But where do we get such records today? The last vinyl record in Tamil language was that of film songs of Kizhakku Cheemaiyile by A R Rahman released in 1993. The last records produced in India belonged to the period 1990-93. Thereafter all the factories producing copies of vinyl records in India closed down. A few copies of records were produced abroad for the Hindi film Dil To Paagal Hain in 1998 and Veer Zara in 2004 for release and distribution in India. Today, on demand, hundred or two hundred copies per title have begun to be released in India. These are now available in Indian markets for film music, ghazals and classical music. But these records sold only through select music store or two in big cities of India. Last year an album of some Malayalam film songs of Yesudas of the period 1995-2005 was released as a vinyl record by the valiant efforts of my friend Shijo Manuel, a die hard  record fan and the Music Manager of a Malayalam FM radio station.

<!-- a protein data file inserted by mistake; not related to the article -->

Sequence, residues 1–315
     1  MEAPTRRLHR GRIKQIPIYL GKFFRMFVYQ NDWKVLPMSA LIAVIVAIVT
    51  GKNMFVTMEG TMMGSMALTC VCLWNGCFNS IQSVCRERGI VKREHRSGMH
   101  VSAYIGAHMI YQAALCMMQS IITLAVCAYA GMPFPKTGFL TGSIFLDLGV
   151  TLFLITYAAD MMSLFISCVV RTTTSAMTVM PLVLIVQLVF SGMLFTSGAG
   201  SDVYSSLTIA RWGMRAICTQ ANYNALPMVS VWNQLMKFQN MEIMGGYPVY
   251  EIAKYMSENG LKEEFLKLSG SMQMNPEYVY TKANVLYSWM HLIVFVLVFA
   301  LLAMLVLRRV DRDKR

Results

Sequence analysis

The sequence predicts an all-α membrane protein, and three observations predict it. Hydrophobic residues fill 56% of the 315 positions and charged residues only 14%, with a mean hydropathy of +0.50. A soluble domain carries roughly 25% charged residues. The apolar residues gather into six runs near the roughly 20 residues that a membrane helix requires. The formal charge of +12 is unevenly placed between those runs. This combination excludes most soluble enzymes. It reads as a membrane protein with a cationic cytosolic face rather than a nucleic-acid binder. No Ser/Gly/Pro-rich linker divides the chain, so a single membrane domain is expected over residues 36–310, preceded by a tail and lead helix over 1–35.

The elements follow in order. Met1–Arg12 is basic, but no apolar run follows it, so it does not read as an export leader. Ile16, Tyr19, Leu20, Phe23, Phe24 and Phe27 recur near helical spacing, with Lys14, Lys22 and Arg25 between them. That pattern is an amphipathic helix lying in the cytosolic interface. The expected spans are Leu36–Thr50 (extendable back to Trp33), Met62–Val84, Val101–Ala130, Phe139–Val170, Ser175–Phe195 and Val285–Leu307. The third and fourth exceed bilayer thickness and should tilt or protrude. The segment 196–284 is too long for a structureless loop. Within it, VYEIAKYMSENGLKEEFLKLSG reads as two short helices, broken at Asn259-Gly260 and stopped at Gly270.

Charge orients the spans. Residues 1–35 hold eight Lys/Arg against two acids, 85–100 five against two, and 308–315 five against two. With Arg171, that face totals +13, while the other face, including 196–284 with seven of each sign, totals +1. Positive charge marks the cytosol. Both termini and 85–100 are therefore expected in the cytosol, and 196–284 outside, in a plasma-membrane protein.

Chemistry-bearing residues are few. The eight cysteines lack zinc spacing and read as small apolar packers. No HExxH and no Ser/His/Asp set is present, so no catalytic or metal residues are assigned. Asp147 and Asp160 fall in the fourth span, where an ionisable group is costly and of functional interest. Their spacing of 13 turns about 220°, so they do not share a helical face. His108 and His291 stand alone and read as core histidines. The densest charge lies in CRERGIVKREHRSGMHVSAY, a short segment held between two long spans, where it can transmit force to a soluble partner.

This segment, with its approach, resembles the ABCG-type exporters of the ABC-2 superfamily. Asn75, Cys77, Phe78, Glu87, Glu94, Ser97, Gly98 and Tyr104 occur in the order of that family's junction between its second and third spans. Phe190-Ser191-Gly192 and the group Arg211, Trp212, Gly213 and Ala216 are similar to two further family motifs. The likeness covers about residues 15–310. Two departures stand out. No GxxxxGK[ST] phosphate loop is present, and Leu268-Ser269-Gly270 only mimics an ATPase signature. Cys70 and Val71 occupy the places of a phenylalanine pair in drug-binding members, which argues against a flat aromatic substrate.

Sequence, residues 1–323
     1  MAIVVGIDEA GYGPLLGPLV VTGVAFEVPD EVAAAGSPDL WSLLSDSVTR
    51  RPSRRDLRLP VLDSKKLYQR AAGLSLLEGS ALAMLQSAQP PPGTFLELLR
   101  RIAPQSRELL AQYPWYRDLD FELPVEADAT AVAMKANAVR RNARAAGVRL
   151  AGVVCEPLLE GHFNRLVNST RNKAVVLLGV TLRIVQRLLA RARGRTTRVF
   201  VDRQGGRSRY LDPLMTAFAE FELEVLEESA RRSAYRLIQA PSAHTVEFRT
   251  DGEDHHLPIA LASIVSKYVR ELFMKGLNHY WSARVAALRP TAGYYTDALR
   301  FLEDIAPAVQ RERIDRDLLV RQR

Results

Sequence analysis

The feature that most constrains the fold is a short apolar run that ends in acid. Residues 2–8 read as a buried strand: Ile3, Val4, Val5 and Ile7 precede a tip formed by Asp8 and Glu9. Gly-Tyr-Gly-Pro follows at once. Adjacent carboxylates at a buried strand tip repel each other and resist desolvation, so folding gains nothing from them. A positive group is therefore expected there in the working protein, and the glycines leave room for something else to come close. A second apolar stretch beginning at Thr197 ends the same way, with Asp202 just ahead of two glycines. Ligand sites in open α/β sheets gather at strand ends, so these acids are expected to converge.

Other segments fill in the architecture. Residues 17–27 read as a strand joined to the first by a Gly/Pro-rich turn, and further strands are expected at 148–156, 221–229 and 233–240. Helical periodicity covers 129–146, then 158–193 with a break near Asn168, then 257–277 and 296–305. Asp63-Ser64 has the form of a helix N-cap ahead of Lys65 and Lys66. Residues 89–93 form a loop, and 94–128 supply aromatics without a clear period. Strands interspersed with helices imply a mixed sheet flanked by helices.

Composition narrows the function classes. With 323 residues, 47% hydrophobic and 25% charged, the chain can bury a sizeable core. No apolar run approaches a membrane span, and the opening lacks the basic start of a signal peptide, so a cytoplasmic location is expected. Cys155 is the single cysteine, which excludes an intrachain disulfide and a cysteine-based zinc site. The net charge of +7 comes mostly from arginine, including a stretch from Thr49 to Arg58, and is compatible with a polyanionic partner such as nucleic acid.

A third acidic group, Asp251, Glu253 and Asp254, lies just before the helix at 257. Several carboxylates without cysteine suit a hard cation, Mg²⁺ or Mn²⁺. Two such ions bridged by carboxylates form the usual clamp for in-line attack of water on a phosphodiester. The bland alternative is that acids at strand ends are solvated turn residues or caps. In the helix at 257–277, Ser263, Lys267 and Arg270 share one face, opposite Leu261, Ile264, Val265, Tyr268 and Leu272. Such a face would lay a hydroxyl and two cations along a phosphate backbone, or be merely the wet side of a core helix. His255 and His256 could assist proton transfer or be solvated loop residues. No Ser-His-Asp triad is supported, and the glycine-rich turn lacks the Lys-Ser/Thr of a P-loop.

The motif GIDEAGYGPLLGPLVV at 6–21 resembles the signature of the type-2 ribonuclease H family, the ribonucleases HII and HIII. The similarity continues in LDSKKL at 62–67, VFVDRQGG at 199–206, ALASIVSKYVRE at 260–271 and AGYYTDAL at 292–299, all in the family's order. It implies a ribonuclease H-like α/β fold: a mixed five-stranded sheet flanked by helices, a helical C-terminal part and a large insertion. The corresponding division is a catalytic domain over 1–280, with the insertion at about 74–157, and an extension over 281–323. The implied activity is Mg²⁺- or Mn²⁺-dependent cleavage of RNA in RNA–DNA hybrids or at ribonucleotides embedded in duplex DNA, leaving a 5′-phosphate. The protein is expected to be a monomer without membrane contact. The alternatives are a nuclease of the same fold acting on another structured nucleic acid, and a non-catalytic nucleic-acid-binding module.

But the price of these vinyl records produced in Germany, Netherlands or England and distributed here ranges from Rs.800/- to Rs.2500/-! Vinyl records of international labels, which are sold only through a few music stores like Rhythm House of Mumbai, carry price tags of Rs.1000/- to Rs.5000/-! How can one afford such listening experience? The records that I now listen to are from my old collections as well as ones borrowed from music friends from all over India. Fortunately, a few extremely rare records of Chuck Berry, who is known as the creator of Rock N Roll have been part of my collection since long time.